Not “Mothers’ Day” Again?

[Note: I first posted this piece a year (or two?) ago, when it first dawned on me that “Mothers’ Day” is an abhorrent, anachronistic vestige… Well, here it is again. I will keep posting it as a yearly reminder, until enlightened thinking progresses to the point that my satire comes true.]

++++++++++++++++++++++++++++++++++++++++++

It is time to put an end to this outrage. “Mother’s” Day is an abhorrent, anachronistic vestige of heterosexist oppression. In barely concealed homophobic code, it implies that a child needs and/or benefits from having a mother, and that motherhood is something other than an outdated social construct.

Sure, motherhood may have been revered in the Dark Ages. But as Enlightenment has spread across the land in recent years, social scientists and learned judges have patiently explained to us that “mothers” are now quite redundant.

Wise judges such as Vaughn Walker, ruling that the voters of California have no right to decide so important a question, wrote:

“The gender of a child’s parent is not a factor in a child’s adjustment… The research supporting this conclusion is accepted beyond serious debate in the field of developmental psychology…Children do not need to be raised by a male parent and a female parent to be well-adjusted, and having both a male and a female parent does not increase the likelihood that a child will be well-adjusted.”

See? It is “accepted beyond serious debate”. As Al Gore likes to say, the debate is over, we know all we need to know.

The judge did admit that things were different in the Dark Ages: “When California became a state in 1850, marriage was understood to require a husband and a wife.” But, as they say in California, that was then and this is now. (On retiring soon after ruling against Prop 8 (and coming out as gay), Judge Walker said ““I have done my part.” Indeed he has.)

The Iowa Supreme Court was equally patient in dismissing the folly of mother-fixation.

“The research appears to strongly support the conclusion that same-sex couples foster the same wholesome environment as opposite-sex couples and suggests that the traditional notion that children need a mother and father to be raised into healthy, well-adjusted adults is based more on stereotype than anything else.”

There you have it. This whole motherhood thing is just a stereotype.

And think of the emotional pain inflicted. Every “M-word” Day is a gross offense to the self-esteem of gay male couples who are thinking about raising children.

It reminds one of a heart-breaking episode from Monty Python’s Life of Brian. Stan, a young rebel with gender issues, announces that he wants to have a baby:

Stan (also known as Loretta): It’s every man’s right to have babies if he wants them.

Reg: But you can’t have babies.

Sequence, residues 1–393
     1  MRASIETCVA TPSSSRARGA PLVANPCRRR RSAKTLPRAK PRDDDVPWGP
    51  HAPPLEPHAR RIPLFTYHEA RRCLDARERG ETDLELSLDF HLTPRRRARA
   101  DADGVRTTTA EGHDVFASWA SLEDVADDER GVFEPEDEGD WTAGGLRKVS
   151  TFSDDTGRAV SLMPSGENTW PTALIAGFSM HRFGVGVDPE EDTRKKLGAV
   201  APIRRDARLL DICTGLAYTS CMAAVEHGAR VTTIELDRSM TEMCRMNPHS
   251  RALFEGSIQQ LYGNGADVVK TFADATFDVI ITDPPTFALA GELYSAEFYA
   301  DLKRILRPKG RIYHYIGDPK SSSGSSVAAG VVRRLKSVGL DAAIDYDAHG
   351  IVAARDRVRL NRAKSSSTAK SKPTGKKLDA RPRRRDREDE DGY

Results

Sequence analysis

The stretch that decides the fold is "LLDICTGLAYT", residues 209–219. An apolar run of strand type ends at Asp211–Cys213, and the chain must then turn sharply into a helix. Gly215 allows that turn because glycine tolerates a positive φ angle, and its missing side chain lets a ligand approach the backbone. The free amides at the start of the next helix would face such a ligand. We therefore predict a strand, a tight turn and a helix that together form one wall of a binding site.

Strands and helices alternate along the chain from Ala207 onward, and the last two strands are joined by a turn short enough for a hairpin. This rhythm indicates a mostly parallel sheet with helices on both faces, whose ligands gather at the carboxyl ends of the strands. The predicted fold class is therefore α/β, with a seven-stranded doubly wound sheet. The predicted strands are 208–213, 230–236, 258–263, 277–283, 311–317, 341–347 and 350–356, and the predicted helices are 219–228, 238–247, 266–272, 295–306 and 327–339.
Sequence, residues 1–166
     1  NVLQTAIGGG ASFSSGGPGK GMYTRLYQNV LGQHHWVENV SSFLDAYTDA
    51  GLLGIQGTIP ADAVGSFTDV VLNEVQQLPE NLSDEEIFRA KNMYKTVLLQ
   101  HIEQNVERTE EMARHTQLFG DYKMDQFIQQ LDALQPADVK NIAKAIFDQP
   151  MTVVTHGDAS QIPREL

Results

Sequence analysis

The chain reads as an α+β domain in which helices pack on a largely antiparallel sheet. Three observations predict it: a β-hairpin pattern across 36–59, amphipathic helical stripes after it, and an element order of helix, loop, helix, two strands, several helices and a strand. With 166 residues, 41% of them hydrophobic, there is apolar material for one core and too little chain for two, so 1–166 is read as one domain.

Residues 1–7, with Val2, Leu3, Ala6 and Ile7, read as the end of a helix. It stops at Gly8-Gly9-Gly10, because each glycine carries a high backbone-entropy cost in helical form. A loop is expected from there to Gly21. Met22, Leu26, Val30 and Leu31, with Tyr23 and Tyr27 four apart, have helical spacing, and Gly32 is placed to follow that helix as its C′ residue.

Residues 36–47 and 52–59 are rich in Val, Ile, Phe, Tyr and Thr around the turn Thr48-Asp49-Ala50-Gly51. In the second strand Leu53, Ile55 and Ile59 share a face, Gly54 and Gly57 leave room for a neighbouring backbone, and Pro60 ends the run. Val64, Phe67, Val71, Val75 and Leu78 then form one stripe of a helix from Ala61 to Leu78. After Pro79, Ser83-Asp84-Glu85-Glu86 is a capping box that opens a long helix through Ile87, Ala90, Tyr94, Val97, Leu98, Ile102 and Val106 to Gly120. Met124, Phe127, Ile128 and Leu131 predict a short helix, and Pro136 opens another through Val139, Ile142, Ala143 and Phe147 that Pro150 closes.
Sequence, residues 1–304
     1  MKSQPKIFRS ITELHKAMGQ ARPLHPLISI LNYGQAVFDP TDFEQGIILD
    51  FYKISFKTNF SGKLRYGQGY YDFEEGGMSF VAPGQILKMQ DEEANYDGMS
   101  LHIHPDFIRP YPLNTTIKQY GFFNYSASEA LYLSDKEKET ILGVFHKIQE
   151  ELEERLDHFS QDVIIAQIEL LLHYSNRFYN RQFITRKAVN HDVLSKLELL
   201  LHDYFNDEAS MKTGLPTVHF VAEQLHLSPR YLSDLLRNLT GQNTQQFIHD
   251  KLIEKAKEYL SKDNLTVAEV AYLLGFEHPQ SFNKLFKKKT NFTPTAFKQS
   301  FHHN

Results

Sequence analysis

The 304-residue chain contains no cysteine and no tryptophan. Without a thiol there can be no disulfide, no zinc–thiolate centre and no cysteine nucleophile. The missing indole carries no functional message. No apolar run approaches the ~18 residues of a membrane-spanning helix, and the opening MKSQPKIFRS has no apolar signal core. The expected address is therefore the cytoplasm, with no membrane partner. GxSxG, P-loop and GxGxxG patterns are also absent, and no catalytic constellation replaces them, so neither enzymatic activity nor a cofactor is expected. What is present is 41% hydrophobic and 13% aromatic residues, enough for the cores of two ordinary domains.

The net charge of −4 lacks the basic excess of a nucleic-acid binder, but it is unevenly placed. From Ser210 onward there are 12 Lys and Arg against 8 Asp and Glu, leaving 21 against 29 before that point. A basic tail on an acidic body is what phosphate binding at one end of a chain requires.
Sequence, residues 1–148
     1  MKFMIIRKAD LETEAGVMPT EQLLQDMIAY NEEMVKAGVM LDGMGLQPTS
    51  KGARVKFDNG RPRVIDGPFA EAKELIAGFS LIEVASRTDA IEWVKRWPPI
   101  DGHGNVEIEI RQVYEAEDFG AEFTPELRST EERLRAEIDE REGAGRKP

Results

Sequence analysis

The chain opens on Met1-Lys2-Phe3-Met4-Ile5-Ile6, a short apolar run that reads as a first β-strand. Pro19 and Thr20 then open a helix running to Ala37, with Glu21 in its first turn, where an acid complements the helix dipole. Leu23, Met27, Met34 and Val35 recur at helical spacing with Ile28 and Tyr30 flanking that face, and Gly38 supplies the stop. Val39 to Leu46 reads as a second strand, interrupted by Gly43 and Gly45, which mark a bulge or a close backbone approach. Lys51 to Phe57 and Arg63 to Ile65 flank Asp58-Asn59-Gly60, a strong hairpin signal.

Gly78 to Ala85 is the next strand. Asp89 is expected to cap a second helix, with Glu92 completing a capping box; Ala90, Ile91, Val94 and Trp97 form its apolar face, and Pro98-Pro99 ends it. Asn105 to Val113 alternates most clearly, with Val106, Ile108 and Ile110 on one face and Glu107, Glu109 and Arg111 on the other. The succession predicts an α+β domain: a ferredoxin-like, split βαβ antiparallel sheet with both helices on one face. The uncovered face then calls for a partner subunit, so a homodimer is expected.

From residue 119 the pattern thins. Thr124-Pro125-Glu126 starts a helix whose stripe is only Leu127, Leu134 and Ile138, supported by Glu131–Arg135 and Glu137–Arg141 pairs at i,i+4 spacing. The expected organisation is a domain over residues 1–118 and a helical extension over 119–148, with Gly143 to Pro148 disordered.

Stan: Don’t you oppress me.

Reg: Where’s the fetus going to gestate? You going to keep it in a box?

Well, Reg, modern science has finally come up with effective gestation boxes, so Stan’s dream (actually Loretta’s dream) can now come true. And the courts have said that gay adoption is OK, because all that a child needs is “parents”.

So we can leave this motherhood fetish back in ancient Judea where it belongs.

The obvious thing to do is to rename the holiday. Federal and state governments are quickly replacing the anachronistic “Mother” and “Father” lines on government forms and birth certificates with the more sensitive “Parent #1” and “Parent #2”.

The calendar can and should do the same thing. May 11 is Parent #1 Day, with Parent #2 to be celebrated later. (Don’t get me started on the whole “Fatherhood” outrage. That can wait until P2 Day.) Boycott Hallmark until they correct this archaic macro-aggression against the differently gendered parent!

Reminder: Did you call your Parent #1 today?

Not Giving Up Yet!

I was ready to give up this morning. How often can you say the same things over again?

The elites of America and Europe are so hostile to their own history and values that they bow their heads obediently to every challenge, even as the most barbaric form of Islam advances on every front.  Our president leads the way by refusing to name or acknowledge those waging war against us. Europe cowers in fear before the attackers, hoping the Islamist crocodile will be satisfied with devouring the Jews.  Antisemitism, appeasement, and denial rule the day.

Some commentators are consistently able to shed new light on this awful betrayal of everything good in us. I must speak especially of MARK STEYN. This guy is the most perceptive observer of our daily decline writing today. His Blog, steynonline.com, provides the best commentary around, and he manages to deliver the worst news in the funniest way; I laugh and cry at the same time (not out loud, of course, but you know what I mean) while reading it. I am tempted to turn my blog into a simple re-posting site for his stuff. Today, he writes “Living History”, about leftists who would rather talk (confusedly) about past history while ignoring the poor schnooks who are on the receiving end of Islamist butchers who are Making History today. In the past week he wrote “Who Would Be an American Ally” (when all we give our allies is criticism) and “Who Ya Gonna Believe? Us or your Own Severed Head?” (about our elites responding to beheadings and burnings-alive and sexual slavery with pious clichés and pouty hashtags).